Wrapping up a successful week of training at Washtenaw Community College, United Association General President Mark McManus called the 1,835 union members who traveled to Ann Arbor for the annual Instructor Training Program the backbone and the future of an organization that represents more than 343,000 plumbers, pipe-fitters, sprinkler fitters, steam fitters, welders and service techs across the United States and Canada.

UA member Morey Cannady, from Local 208 in Denver, celebrates receiving his instructor certification from UA Director of Education and Training Chris Haslinger (left) and an associate degree from WCC President Dr. Rose B. Bellanca. | Photo by Lon Horwedel

The ceremony -— which included a keynote address from United States Secretary of Labor Alexander Acosta — was the exclamation point on the union’s 28th year of hosting its week-long Instructor Training Program at WCC, during which students take college-level training courses to become certified UA journeymen and apprentice instructors.

Those receiving associate degrees completed online courses in programs designed specifically for UA members.

“Although we call this a completion ceremony, really it is the beginning of a learning cycle in which you will share what you learned here with your peers and colleagues,” WCC President Dr. Rose B. Bellanca said. “They, in turn, will share the information with their co-workers, benefiting current and future generations of skilled tradesmen and women.”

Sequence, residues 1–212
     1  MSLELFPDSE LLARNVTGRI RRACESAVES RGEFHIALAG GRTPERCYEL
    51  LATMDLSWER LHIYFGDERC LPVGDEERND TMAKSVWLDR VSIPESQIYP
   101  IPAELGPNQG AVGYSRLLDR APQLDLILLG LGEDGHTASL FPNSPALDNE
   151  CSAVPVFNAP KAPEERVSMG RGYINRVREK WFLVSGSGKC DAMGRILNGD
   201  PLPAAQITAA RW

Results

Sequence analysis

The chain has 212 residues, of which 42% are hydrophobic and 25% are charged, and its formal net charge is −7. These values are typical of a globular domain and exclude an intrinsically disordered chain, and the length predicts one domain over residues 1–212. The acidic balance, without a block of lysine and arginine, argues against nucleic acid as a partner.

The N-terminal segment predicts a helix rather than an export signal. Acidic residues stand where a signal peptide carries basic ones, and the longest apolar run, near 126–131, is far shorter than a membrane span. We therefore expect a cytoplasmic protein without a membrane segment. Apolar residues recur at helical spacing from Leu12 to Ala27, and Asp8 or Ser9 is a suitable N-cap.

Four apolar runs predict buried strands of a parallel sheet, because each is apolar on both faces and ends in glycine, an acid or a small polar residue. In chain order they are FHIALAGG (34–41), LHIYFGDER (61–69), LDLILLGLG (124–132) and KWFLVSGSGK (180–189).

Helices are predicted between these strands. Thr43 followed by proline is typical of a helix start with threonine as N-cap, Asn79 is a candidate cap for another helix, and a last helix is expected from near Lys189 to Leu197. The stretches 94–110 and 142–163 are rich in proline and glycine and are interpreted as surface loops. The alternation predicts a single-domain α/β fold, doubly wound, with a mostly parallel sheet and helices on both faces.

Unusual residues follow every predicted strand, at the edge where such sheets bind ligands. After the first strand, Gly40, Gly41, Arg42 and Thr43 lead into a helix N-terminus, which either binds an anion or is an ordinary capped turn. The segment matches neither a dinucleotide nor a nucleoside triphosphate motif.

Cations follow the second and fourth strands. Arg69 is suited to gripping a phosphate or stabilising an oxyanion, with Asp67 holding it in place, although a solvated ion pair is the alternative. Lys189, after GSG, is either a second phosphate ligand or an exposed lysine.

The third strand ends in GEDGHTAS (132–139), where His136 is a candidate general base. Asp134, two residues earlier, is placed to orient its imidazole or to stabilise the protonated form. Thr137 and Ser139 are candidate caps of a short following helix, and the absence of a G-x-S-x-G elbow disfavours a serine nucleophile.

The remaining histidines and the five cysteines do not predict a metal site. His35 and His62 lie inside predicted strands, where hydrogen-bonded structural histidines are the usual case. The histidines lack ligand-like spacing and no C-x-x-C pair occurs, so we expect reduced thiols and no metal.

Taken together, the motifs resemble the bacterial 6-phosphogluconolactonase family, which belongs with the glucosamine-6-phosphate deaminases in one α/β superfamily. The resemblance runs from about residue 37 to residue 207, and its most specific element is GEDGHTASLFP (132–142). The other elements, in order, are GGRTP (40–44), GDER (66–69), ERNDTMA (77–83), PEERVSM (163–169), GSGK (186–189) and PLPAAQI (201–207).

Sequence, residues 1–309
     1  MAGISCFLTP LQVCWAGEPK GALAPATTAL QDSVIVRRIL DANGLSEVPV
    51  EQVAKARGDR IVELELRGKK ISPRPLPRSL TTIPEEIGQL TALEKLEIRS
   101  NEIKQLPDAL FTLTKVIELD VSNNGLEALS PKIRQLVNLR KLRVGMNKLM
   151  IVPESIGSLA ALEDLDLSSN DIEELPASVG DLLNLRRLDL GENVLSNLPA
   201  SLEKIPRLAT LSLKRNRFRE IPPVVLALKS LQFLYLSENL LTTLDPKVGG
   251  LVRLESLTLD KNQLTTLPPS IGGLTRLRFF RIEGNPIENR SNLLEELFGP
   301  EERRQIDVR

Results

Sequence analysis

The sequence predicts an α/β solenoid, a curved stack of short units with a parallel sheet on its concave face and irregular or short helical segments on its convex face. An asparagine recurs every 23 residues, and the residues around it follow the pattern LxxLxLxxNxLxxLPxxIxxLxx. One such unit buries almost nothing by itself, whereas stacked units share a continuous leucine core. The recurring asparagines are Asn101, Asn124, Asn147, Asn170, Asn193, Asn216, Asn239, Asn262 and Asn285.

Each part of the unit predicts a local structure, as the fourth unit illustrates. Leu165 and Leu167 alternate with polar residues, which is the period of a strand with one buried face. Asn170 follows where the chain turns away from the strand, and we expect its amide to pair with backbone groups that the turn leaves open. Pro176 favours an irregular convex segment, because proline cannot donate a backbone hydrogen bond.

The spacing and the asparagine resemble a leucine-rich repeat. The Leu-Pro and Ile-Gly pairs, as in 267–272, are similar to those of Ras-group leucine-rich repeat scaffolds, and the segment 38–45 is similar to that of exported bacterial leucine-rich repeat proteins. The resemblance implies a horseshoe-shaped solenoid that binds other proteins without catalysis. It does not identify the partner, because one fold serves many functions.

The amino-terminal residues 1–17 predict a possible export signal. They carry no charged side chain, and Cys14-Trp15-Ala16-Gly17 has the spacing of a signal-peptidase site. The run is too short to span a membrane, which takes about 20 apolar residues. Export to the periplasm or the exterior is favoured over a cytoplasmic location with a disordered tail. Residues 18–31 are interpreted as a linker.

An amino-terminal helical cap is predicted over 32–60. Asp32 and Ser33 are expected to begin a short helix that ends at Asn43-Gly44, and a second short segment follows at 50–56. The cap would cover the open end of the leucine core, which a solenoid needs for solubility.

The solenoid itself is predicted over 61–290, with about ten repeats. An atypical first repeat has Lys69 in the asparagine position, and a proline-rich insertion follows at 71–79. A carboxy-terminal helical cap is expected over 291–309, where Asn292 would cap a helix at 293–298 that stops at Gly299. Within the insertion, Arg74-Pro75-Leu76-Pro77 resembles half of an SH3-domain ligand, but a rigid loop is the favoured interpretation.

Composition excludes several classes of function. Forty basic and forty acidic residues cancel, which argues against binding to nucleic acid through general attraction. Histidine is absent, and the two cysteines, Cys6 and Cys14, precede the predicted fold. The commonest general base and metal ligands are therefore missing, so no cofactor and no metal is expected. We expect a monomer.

When Bellanca asked those who earned an Associate of Applied Science degree to stand and move their tassels to the left side of their cap, the college’s alumni base expanded with new members from San Francisco to Juneau, Alaska, to Shreveport, Louisiana, and beyond.

Richard Jacobs, a union plumber and inspector for the city of St. Paul, Minnesota, earned both an associate degree from WCC and UA instructor certification.

He said the associate degree was the fulfillment of a personal challenge that began in 2007, when he attended his first UA Instructor Training Program.

“I can use the degree in the career path I’ve chosen, but it also helps in other ways,” Jacobs said. “It really solidifies the choices I’ve made and the training I’ve received.”